Myers v. Mutual of Omaha Life Insurance Company, No. 4:2014cv02421 - Document 43 (N.D. Ohio 2017)

Court Description: Memorandum of Opinion and Order For the reasons set forth herein, Plaintiff's Motion for Attorney's Fees is granted, in part. Plaintiff's Motions for Rule 60 relief and to supplement the record are denied. Not later than 14 days from the issuance of this Order, Plaintiff's counsel shall file supplemental materials showing that its requested rates are reasonable for the area. Plaintiff's counsel shall also submit a memorandum specifying the total amount of attorneys fees and detailing those items for which reimbursement is sought. Defendant shall respond in 7 days. Judge Benita Y. Pearson on 3/23/2017. Related document(s) 34 , 37 . (JLG)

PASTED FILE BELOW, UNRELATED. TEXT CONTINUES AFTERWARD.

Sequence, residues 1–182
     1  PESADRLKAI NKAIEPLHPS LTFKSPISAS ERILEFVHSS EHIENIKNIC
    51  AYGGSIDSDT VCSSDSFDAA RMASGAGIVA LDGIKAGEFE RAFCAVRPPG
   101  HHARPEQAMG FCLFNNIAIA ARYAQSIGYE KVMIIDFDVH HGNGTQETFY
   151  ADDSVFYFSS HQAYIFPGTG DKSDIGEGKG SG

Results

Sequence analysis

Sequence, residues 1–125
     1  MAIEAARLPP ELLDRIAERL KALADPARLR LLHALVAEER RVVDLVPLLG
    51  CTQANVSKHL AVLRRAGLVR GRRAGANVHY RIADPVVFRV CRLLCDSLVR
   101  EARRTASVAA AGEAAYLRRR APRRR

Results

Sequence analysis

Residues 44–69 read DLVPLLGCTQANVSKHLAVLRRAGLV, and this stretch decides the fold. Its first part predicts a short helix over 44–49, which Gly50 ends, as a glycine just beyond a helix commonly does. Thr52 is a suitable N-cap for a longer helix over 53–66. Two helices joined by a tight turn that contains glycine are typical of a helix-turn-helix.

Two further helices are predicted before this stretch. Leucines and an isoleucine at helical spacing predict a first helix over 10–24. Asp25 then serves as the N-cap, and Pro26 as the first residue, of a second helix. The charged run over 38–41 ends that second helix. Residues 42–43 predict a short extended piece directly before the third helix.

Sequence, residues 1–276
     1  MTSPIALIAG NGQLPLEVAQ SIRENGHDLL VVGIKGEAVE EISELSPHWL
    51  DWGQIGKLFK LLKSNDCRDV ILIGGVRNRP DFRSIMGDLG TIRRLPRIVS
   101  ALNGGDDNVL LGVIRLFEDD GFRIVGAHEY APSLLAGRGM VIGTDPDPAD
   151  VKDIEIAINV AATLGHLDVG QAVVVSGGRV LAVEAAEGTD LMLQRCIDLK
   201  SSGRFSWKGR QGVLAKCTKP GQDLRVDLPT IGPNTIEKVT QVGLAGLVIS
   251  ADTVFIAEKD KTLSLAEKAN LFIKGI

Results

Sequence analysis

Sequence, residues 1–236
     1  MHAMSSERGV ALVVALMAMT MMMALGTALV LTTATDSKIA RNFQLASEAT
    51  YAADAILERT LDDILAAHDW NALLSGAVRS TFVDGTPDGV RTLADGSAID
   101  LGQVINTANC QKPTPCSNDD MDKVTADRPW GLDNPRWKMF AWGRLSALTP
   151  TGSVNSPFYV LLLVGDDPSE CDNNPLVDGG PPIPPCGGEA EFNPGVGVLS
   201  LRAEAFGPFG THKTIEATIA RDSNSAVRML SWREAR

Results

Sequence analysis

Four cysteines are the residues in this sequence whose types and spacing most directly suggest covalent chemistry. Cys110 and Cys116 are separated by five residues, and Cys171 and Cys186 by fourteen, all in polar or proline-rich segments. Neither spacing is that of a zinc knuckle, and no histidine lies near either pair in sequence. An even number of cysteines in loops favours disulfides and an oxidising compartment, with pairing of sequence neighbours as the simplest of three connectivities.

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Myers v. Mutual of Omaha Life Insurance Company Doc. 43 PEARSON, J. UNITED STATES DISTRICT COURT NORTHERN DISTRICT OF OHIO EASTERN DIVISION TINA MYERS, Plaintiff, v. MUTUAL OF OMAHA LIFE INSURANCE COMPANY, Defendant. ) ) ) ) ) ) ) ) ) ) CASE NO. 4:14CV2421 JUDGE BENITA Y. PEARSON MEMORANDUM OF OPINION AND ORDER [Resolving ECF Nos. 34 and 37] Pending before the Court are Plaintiff’s Motion for Attorneys Fees and Rule 60(a) Relief (ECF No. 34) and Motion to Supplement the Record (ECF No. 37). For the following reasons, Plaintiff’s Motion for Attorneys Fees is granted, in part. Plaintiff’s motions for Rule 60 relief and to supplement the record are denied. I. Motion for Attorney’s Fees (ECF No. 34) A district court may, in its discretion, allow reasonable attorney’s fees and costs to either party in an action by an ERISA plan participant. 29 U.S.C. § 1132(g)(1). “[A] party need not be a typical ‘prevailing party’ to be eligible for fees but must only achieve ‘some degree of success on the merits.’” Ciaramitaro v. Unum Life Ins. Co. of Am., 521 F. App’x 430, 436 (6th Cir. 2013) (citing Hardt v. Reliance Standard Life Ins. Co., 560 U.S. 242, 252–53 (2010) (“[A] fee claimant need not be a “prevailing party” to be eligible for an attorney's fees award under § 1132(g)(1).”). In this case, Plaintiff achieved “some degree success on the merits” when her claim was remanded to the Plan Administrator. ECF No. 32 at PageID #: 1208. Dockets.Justia.com (4:14CV2421) In determining whether attorney’s fees are appropriate, the Sixth Circuit has instructed courts to consider five factors: (1) the degree of the opposing party’s culpability or bad faith; (2) the opposing party’s ability to satisfy an award of attorney’s fees; (3) the deterrent effect of an award on other persons under similar circumstances; (4) whether the party requesting fees sought to confer a common benefit on all participants and beneficiaries of an ERISA plan or resolve significant legal questions regarding ERISA; and (5) the relative merits of the parties’ positions. Moon v. Unum Provident Corp., 461 F.3d 639, 642–43 (6th Cir. 2006). “No single factor is determinative, and thus, the district court must consider each factor before exercising its discretion.” Id. at 643 (citing Schwartz v. Gregori, 160 F.3d 1116, 1119 (6th Cir. 1998)). In the Sixth Circuit, there is no presumption in favor of awarding attorney’s fees in ERISA cases. Id. (citing Maurer v. Joy Tech., Inc., 212 F.3d 907, 919 (6th Cir. 2000)). The Court considers each factor in turn. A. Degree of Culpability The Sixth Circuit has found an insurance company’s exclusive reliance on an interested, non-treating physician’s opinion, ignorance of substantial evidence, findings based on select information in the administrative record, and repeated denial of claims to be evidence of culpability or bad faith. See, e.g., Moon v. Unum Provident Corp., 461 F.3d 639 at 643–44 (6th Cir. 2006); Hoover v. Provident Life & Accident Ins. Co., 290 F.3d 801, 809–10 (6th Cir. 2002). Although the Court did not find evidence of bad faith, the Court’s findings reflect Defendant’s culpability. The Court determined that the Plan Administrator acted arbitrarily and capriciously because it failed to explain why it chose to believe interested, non-treating 2 (4:14CV2421) physicians, rather than accepting Plaintiff’s physician’s conclusions.1 ECF No. 32 at PageID #: 1219. The Court also found that the Plan Administrator selectively relied on Plaintiff’s doctor’s notes, “quoting language favorable to the non-disability assessment while inadequately explaining its basis for rejecting [the treating physician’s] observations favorable to Myers.” Id. at PageID #: 1217–20; see also Brooking v. Hartford Life & Acc. Ins. Co., No. 04-95-KSF, 2007 WL 781333, at *7 (E.D. Ky. Mar. 12, 2007) (interpreting Moon to require a finding of culpability when the defendant ignored substantial evidence in the administrative record). For these reasons, the Court finds that Defendant’s culpability weighs in favor of awarding attorney’s fees to Plaintiff. B. Ability to Satisfy an Award Plaintiff argues that, as a large insurance company doing business nationally, Defendant has the resources to pay Plaintiff’s attorney’s fees. ECF No. 34 at PageID #: 1227. Defendant does not dispute this argument. See ECF No. 35 at PageID #: 1233–38. The Court finds that this factor weighs in favor of awarding attorney’s fees. 1 Now, Defendant argues that its decision was not rendered in bad faith, because its reviewing physician considered the findings of Plaintiff’s treating physician. ECF No. 35 at PageID #: 1233–35. A reviewing court must evaluate the plan administrator’s ultimate decision under the “arbitrary and capricious” standard. Farhner v. United Transp. Union Discipline Income Prot. Program, 645 F.3d 338, 342 (6th Cir. 2011); Wilkins v. Baptist Healthcare Sys., Inc., 150 F.3d 609, 613 (6th Cir. 1998). Otherwise put, it is not enough that the evidence was in the record—the Court must ask whether the Plaintiff received a full and fair review and a decision that was the result of “a deliberate principled reasoning process.” Schwalm v. Guardian Life Ins. Co. of Am., 626 F.3d 299, 308 (6th Cir. 2010). 3 (4:14CV2421) C. Deterrent Effect An award of fees may deter plan administrators from “failing to provide the necessary full and fair review.” See McKay v. Reliance Standard Life Ins. Co., 428 F. App’x 537, 545 (6th Cir. 2011). The Sixth Circuit has noted that deterrence is especially appropriate when a plan administrator “performs a cursory review of a claim for benefits or bases its denial on unreliable medical evidence.” Shelby County Heath Care Corp. v. Majestic Star Casino, 581 F.3d 355, 378 (6th Cir. 2009) (citing Gaeth v. Hartford Life Ins. Co., 538 F.3d 524, 531–32 (6th Cir. 2008) (“[B]efore terminating a plan participant’s benefits, a plan administrator should ensure that the opinions upon which they rely to make their decisions to terminate are based on a thorough review of the administrative record.”). Furthermore, a court should consider whether the facts are “so unique that they fail to serve any deterrence value to other insurance companies under similar circumstances.” Moon, 461 F.3d at 645. In this case, the Court determined that Defendant did not conduct a thorough review of the record. ECF No. 32 at PageID #: 1217–20. Awarding fees would deter future plan administrators from failing to fully and fairly review similar cases. Although Defendant argues that this is a unique case, and, therefore, would have limited applicability, the Court finds otherwise. An award of fees would discourage other plan administrators from selectively reviewing the record, ECF No. 32 at PageID #: 1218, or failing to explain their reliance on a non-treating physician’s opinion, ECF No. 32 at PageID #: 1219—common issues in ERISA cases. Accordingly, the Court finds that this factor weighs in favor of Plaintiff. 4 (4:14CV2421) D. Common Benefit Plaintiff admits that she sought benefits only for herself, but argues that awarding fees would “make[] it less likely that other plan administrators will try this tactic of attrition in unfairly reviewing the evidence.” ECF No. 34 at PageID #: 1228–29. She does not argue that she instituted the litigation to resolve significant legal issues. Id. Because Plaintiff sought only to benefit herself, and because the case does not involve the resolution of significant ERISA questions, this factor weighs against awarding attorney’s fees. See Moon, 461 F.3d at 645 (6th Cir. 2006); Foltice v. Guardsman Prods. Inc., 98 F.3d 933, 937 (6th Cir. 1996). E. Relative Merits of Parties’ Positions In evaluating the parties’ merits, even a prevailing party is not automatically entitled to attorney’s fees, “especially [when] the case involved ‘closely contested issues.’” Trs. of Detroit Carpenters Fringe Benefit Funds v. Patrie Constr. Co., 618 F. App’x 246, 260 (6th Cir. 2015) (citing Majestic Star Casino, 581 F.3d at 378). Instead, the Court must weigh the relative merits of the parties’ positions. Courts have considered whether the arguments were brought in bad faith, or if they were “no more devoid of merit than any other losing litigant.” E.g., Majestic Star Casino, 581 F.3d at 378 (citing Armistead v. Vernitron Corp., 944 F.2d 1287, 1304 (6th Cir. 1991), abrogated on other grounds by M & G Polymers USA, LLC v. Tackett, 135 S. Ct. 926 (2015)). In this case, although the Court remanded the claim to the Plan Administrator, the Court also noted that the record was not indisputably clear, but there was a large amount of evidence that received little attention from the Plan Administrator. ECF No. 32 at PageID #: 1222. Nor is 5 (4:14CV2421) there evidence that Defendant denied Plaintiff’s claim in bad faith. For these reasons, the Court finds that this factor weighs against awarding fees. F. Summary The Court grants the Motion for Attorney’s Fees, in part. Three of the five factors weigh in favor of awarding fees. When compared with Sixth Circuit precedent, there is sufficient evidence of culpability in Defendant’s decision making to warrant fees. Additionally, it is likely that an award would deter future non-compliance. Plaintiff’s counsel has submitted a Memorandum, Affidavits, and Documentation in support of its fees. ECF No. 41. Although Plaintiff’s counsel provides a list of items billed to Plaintiff, Plaintiff’s counsel does not specify for which of these items it seeks reimbursement. Nor has Plaintiff’s counsel submitted documents demonstrating the prevailing market rate for similar services in the area. Plaintiff’s counsel’s own affidavits that its fees are reasonable does not suffice. The Court is, therefore, unable to determine the appropriate amount of fees under the lodestar method as required. See Hensley v. Eckerhart, 461 U.S. 424, 433 (1983) (courts multiply the attorney’s reasonable hourly rate by the number of reasonable hours worked); U.S. Structures, Inc. v. J.P. Structures, Inc., 130 F.3d 1185, 1193 (6th Cir. 1997) (district courts must determine whether the hours expended were reasonable and that the hourly rates are customary); WHG TM Corp. v. Patel, No. 5:07CV3087 2008 WL 495794, at *2 (N.D.Ohio Feb. 22, 2008). Accordingly, within fourteen days of this Order, Plaintiff’s counsel shall file with the Court supplemental materials showing that its requested rates are reasonable for the area. Plaintiff’s counsel shall also submit a memorandum specifying the total amount of attorneys fees and 6 (4:14CV2421) detailing the items for which reimbursement is sought, for the Court’s further consideration. Defendant shall respond in seven days. II. Motion for Rule 60 Relief (ECF No. 34) Plaintiff moves for relief under Fed. R. Civ. P. 60, arguing the Court erred by not placing a time limit on its remand order; failing to determine whether Plaintiff will be entitled to submit new evidence; and not deciding whether Plaintiff will have appellate rights. ECF No. 34 at PageID #: 1230. Plaintiff moves the Court to direct Defendant to pay retroactive benefits as well as monthly disability benefits while the remand is pending. Id. Plaintiff also requests 180 days to appeal Defendant’s next decision, as well as the right to submit new evidence. Id. Although her Motion is titled “Motion for Rule 60(A) Relief,” Plaintiff cites Rule 60(a) and 60(b). Id. at PageID #: 1230–31. Regardless of what might be scrivener’s error, Plaintiff is not entitled to relief under either prong of Rule 60. Fed. R. Civ. P. 60(a) permits courts to “correct a clerical mistake or a mistake arising from oversight or omission whenever one is found in a judgment, order, or other part of the record.” Fed. R. Civ. P. 60(a). Plaintiff asks the Court for an overhaul of its original judgment. This type of relief is not contemplated by Rule 60(a), which only allows courts to fix errors that would not change the nature of the judgment. See Braun v. Ultimate Jetcharters, LLC, 828 F.3d 501, 515 (6th Cir. 2016) (citing In re Walter, 282 F.3d 434, 440 (6th Cir. 2002) (“The basic purpose of the [Rule 60(a)] is to authorize the court to correct errors that are mechanical in nature.”)). Therefore, Plaintiff’s Motion for Rule 60(a) relief is denied. Nor can Plaintiff seek relief under Fed. R. Civ. P. 60(b). Rule 60(b) allows a Court to relieve a party from a final judgment for the following reasons: “(1) mistake, inadvertence, 7 (4:14CV2421) surprise, or excusable neglect; (2) newly discovered evidence that, with reasonable diligence, could not have been discovered in time to move for a new trial under Rule 59(b); (3) fraud (whether previously called intrinsic or extrinsic), misrepresentation, or misconduct by an opposing party; (4) the judgment is void; (5) the judgment has been satisfied, released, or discharged; it is based on an earlier judgment that has been reversed or vacated; or applying it prospectively is no longer equitable; or (6) any other reason that justifies relief.” Fed. R. Civ. P. 60(b). Plaintiff does not argue that the Rule 60(b) circumstances apply. Instead, she argues broadly that she is “concerned about a slow or even vindictive approach by Defendant in any review process, attendant with further delay of any benefit resolution.” ECF No. 34 at PageID #: 1229. In sum, Plaintiff’s argument establishes no basis for relief. Instead, she merely expresses her dissatisfaction with the Court’s decision and requests an entirely different judgment.2 Because Plaintiff offers no reason the Court should alter its judgment, the Court denies the Motion for Rule 60(b) relief. 2 The Court expressly declined to award retroactive benefits in its Memorandum of Opinion and Order, after having considered its authority to either remand the decision or award benefits retroactively. ECF No. 32 at PageID #: 1221. It noted that a court typically only awards benefits retroactively when the plaintiff has clearly established disability under the plan. Id. (citing Cooper v. Life Ins. Co. of N. Am., 486 F.3d 157, 171 (6th Cir. 2007); Kalish v. Liberty Mut./Liberty Life Assur. Co. of Boston, 419 F.3d 501, 513 (6th Cir. 2005)). The Court found that the problem was with the plan’s decisionmaking process rather than its conclusion, and remanded the decision. Id. (citing Elliot v. Metro. Life. Ins. Co., 473 F.3d 613, 621 (6th Cir. 2006)). 8 (4:14CV2421) IV. Motion to Supplement the Record (ECF No. 37) Plaintiff moves to supplement the record with evidence of her successful claim for Social Security benefits. ECF No. 37. Under the arbitrary and capricious standard of review, a court may only consider the evidence that was before the plan administrator at the time it made its decision. Wilkins v. Baptist Healthcare Sys., Inc., 150 F.3d 609, 618 (6th Cir. 1998). Furthermore, “[w]hen a claimant fails to submit evidence within the established time frame, the claimant is barred from supplementing the administrative record except in limited circumstances to support a procedural challenge.” Hawkins v. Cmty. Legal Aid Servs., Inc., No. 4:13-cv-00729-JRA, 2014 WL 3749412, at *10 (N.D. Ohio July 30, 2014) (citing Wilkins, 150 F.3d at 619 (Gilman, J., concurring) (giving examples of a procedural challenge, such as “an alleged lack of due process afforded by the administrator or alleged bias on its part.”). Plaintiff’s application for Social Security benefits was approved July 22, 2016—over two years after the Plan Administrator’s final decision had been rendered. ECF No. 37 at PageID #: 1247; see also ECF No. 32 at PageID #: 1214–15 (June 12, 2014 letter informing Plaintiff that her appeal was denied). Plaintiff does not argue that the Social Security decision was part of the evidence considered by the Plan Administrator at the time of its decision. Nor does Plaintiff submit these documents for the limited purpose of supporting a procedural challenge. Plaintiff’s only argument is that supplementing the record would be “meritorious” because Defendant has not taken any action in this case. ECF No. 37 at PageID #: 1247. Because the additional documentary evidence proffered was not part of the record when the Plan Administrator made its decision, and Plaintiff has not argued that it supports a procedural challenge, the Motion to Supplement is denied. See Storms, 156 F. App’x at 760 9 (4:14CV2421) (affirming denial of motion to supplement with documents demonstrating plaintiff was awarded Social Security benefits after the closure of the record); Hawkins, 2014 WL 3749412, at *10 (striking Social Security documents created six months after the administrative record closed); Blajei v. Sedgwick Claims Mgmt. Servs., Inc., 721 F. Supp. 2d 584, 598–99 (E.D. Mich. 2010) (finding Social Security disability benefits award offered to show that defendants erred in denying benefits was not procedural in nature, and striking the evidence). IV. Conclusion For the foregoing reasons, Plaintiff’s Motion for Attorney’s Fees is granted, in part. Plaintiff’s Motions for Rule 60 relief and to supplement the record are denied. Not later than fourteen days from the issuance of this Order, Plaintiff’s counsel shall file supplemental materials showing that its requested rates are reasonable for the area. Plaintiff’s counsel shall also submit a memorandum specifying the total amount of attorneys fees and detailing those items for which reimbursement is sought. Defendant shall respond in seven days. IT IS SO ORDERED. March 23, 2017 Date /s/ Benita Y. Pearson Benita Y. Pearson United States District Judge 10